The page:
It’s Tuesday and you want a glass of wine. It’s Friday night and you’ve just ordered a pizza and — want a glass of wine. It’s Sunday and you’re having a few guests over for brunch who may just, well, want a glass of wine. Casual, everyday situations call for a glass of wine, but you don’t want to necessarily open something “special.” You want to open, what I call, a reliable “daily drinker.” And here is where Hahn excels: While they produce some magnificently refined single-vineyard expressions of their flagship varietals, Pinot Noir and Chardonnay, they also dedicate their simply stated Hahn line of wines to the daily drinker.
“I want to make wines that everybody enjoys,” says Hahn winemaker Paul Clifton. And, indeed, he does. From the elegantly balanced Lone Oak Vineyard Chardonnay under the Lucienne label, to the exclusive “tasting-room-only” Smith and Hook Cabernet — and this, supermarket staple Hahn Monterey County Chardonnay.
The Santa Lucia Highlands can create some interesting wines — from almost meaty Pinot Noir, to downright angry Syrah. The Hahn SLH Chardonnay hails from higher elevation vineyards that reach, at top level, 1,200 feet and are planted atop sandy loam soils. Sitting neatly above the fog line and amongst the well-draining soil, the Chardonnay receives ample amount of sunlight and receive just enough water to force the vines to work. The result is good, fully ripened fruit bursting at the seams to become wine. But the expression in that wine, well, that depends on the winemaker…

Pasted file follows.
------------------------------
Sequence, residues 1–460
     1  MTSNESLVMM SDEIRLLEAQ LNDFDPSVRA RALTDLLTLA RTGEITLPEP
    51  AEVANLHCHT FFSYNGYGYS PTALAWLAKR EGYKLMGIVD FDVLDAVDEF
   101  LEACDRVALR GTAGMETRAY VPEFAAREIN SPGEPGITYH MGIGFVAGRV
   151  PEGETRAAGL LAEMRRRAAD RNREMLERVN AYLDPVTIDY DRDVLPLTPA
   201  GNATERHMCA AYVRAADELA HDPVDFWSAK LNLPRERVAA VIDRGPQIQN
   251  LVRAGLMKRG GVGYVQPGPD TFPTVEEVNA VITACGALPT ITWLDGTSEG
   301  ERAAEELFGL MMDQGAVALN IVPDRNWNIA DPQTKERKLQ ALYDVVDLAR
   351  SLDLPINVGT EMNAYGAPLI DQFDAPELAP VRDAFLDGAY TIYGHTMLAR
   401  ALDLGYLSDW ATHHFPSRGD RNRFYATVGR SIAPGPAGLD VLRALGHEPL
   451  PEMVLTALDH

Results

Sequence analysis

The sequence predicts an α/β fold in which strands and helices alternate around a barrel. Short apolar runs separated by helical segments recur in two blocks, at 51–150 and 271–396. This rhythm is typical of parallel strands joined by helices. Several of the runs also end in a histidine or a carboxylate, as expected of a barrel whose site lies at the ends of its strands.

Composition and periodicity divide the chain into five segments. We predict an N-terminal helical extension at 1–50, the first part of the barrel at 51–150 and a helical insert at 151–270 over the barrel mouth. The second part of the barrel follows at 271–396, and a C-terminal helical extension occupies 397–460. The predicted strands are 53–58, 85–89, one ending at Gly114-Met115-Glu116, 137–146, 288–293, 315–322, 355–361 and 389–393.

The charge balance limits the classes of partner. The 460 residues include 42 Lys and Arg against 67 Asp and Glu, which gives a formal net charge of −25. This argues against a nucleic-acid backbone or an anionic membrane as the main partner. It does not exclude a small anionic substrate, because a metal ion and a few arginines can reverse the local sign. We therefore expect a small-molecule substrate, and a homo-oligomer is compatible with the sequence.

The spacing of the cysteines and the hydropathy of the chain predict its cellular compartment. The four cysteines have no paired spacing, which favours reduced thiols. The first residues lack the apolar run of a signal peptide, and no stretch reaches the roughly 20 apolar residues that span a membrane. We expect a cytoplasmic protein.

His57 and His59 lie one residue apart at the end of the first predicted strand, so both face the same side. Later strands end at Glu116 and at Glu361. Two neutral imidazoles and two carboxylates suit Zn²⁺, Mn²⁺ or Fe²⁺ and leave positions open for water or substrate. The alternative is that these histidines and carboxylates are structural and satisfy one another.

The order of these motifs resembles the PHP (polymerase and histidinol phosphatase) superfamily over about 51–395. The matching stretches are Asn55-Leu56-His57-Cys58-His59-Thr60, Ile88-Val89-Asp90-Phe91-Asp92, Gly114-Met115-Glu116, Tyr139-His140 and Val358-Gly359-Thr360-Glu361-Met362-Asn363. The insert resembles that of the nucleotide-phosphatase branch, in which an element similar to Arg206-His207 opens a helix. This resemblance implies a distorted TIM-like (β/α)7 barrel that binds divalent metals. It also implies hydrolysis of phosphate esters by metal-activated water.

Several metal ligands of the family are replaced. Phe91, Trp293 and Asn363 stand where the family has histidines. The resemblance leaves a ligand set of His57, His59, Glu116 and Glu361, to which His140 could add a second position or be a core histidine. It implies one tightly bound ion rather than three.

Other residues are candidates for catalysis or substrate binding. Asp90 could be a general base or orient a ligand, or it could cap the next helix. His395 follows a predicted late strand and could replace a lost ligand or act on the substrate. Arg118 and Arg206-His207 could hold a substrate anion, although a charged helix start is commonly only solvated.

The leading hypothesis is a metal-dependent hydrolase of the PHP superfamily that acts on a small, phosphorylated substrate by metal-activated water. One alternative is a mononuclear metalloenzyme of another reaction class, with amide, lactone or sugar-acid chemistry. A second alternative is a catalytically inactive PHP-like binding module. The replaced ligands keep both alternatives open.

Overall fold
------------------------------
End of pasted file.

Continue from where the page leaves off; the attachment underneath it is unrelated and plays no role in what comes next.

You know when you’re in that head space — the one that makes you feel like you just want to be alone, listening to music, doing your own thing? It’s that solitary seclusion from the rest of the world that somehow makes you feel more connected to it. I’ve got a wine pairing for that…
Russian wine: I’ve never quite thought about it. But Big Cork Vineyards is into big ideas — and not just with their bodacious reds. As I’ve mentioned before, Maryland’s climate is actually quite a cold one, especially when compared to the vineyards in my native California. This opens up their little wine country up to a whole host of grapes that are virtually untapped here on the west side. So, how about a taste of SK77-53, SK77-10-69, and XIV 186 my friends?
Vidal Blanc is a hybrid grape — a cross between Ugni Blanc and Rayon d’Or — created in the 1930s by Jean Louis Vidal. If you’re from the sunny state of California, as I am, and have never heard of this varietal, that’s not surprising and nor are you alone. Because of the grape’s thick skin, it thrives best in cold, even downright icy regions. In fact, it is considered one of the great grapes of Canada, where it’s often used to create ice wines — wines created by picking the grapes when they’re frozen and contain more concentrated sugar levels.
Maryland does have cooler temperatures (sometimes dangerously frost-filled winters), which opens up the vineyard playing field to interesting grapes like Vidal Blanc. And, while this is no dessert wine, be warned my dry white wine lovers, that you’re in for an interesting twist ahead with the Big Cork Vineyards expression of this quirky grape.